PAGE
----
More than any other crop or industry, tobacco shaped the development of Virginia and provided more income in Virginia than any other farm crop until the 21st Century.
Virginia colonists saw the Native Americans growing tobacco and, from 1613, the colonists quickly adopted tobacco as their primary mechanism of getting wealthy. There started a ‘gold-rush type boom that lasted through the 1620s.
The robust society that soon grew up around the cultivation of tobacco did have its undeniably horrific elements—indentured servants were brutally exploited, and by the middle of the seventeenth century slavery and the racism that continues to plague America had taken deep root. However,it also offered almost unique opportunities for seventeenth-century Englishmen born into poverty to achieve individual economic advancement; to some extent, the vision of upward mobility later idealized as “the American Dream” was born at Jamestown.
The Claude Moore Colonial Farm in Virginia is a working farm, which produces tobacco as well as other crops. Volunteers manage the farm as if it were 1771. Visitors can get involved in all aspects of the tobacco harvest, 18th century style.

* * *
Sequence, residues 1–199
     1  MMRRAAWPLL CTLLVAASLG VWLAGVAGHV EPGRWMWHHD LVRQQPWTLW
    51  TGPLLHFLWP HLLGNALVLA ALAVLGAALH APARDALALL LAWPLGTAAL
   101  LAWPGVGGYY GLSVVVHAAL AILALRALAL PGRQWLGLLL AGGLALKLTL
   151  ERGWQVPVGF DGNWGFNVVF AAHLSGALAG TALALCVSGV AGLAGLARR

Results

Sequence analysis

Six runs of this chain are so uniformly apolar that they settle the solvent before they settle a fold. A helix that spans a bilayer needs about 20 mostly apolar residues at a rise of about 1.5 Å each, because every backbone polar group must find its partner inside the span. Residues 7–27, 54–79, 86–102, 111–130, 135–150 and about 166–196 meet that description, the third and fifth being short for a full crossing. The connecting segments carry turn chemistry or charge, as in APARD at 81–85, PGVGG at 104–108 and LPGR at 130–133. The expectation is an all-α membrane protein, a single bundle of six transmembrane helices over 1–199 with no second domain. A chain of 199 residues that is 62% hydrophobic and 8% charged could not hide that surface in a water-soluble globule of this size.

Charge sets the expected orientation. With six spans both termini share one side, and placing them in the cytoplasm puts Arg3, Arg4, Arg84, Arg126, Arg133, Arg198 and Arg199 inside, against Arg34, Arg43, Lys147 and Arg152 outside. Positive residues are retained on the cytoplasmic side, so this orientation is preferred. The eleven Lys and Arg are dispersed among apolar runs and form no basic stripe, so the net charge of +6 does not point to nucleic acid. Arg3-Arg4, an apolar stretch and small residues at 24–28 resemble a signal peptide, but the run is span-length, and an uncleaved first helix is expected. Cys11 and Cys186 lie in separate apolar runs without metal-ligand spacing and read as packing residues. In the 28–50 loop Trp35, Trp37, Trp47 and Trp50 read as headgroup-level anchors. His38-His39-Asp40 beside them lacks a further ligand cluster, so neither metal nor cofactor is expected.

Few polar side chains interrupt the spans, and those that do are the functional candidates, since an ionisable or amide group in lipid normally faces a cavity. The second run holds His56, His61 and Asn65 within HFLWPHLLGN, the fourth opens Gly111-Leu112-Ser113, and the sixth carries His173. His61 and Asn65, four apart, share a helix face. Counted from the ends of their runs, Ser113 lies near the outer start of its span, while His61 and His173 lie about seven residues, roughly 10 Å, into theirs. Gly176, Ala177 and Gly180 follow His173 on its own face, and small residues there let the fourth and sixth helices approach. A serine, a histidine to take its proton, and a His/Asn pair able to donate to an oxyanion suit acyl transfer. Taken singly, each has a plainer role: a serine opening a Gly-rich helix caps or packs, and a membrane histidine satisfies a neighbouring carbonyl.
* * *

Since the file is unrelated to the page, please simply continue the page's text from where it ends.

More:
As one visitor wrote; “A visit to the Claude Moore Colonial Farm is a visit to another world …the world of an 18th Century family living on a small, low-income farm just prior to the Revolutionary War”
Piedmont Warehouse in Virginia has opened its doors to tobacco auctioning once again, after a nearly 40 year gap. For owner Harry Lea, it’s a resurrection of a family business. “I guess, once Tobacco gets in your blood, it never gets out of it,” says Lea, who ran a tobacco auction company called Piedmont Warehouse for decades.
Auctions disappeared when the tobacco industry moved to a contract system. Instead of selling their leaves to the highest bidder, growers now market their crop directly to companies. Inevitably this means that growers plant more tobacco than they need and end up with excess tobacco. Unlike in the past, Piedmont now only sells excess, unwanted and specialty tobacco. Lea says it’s a way for growers to profit from leaves that would normally go to waste.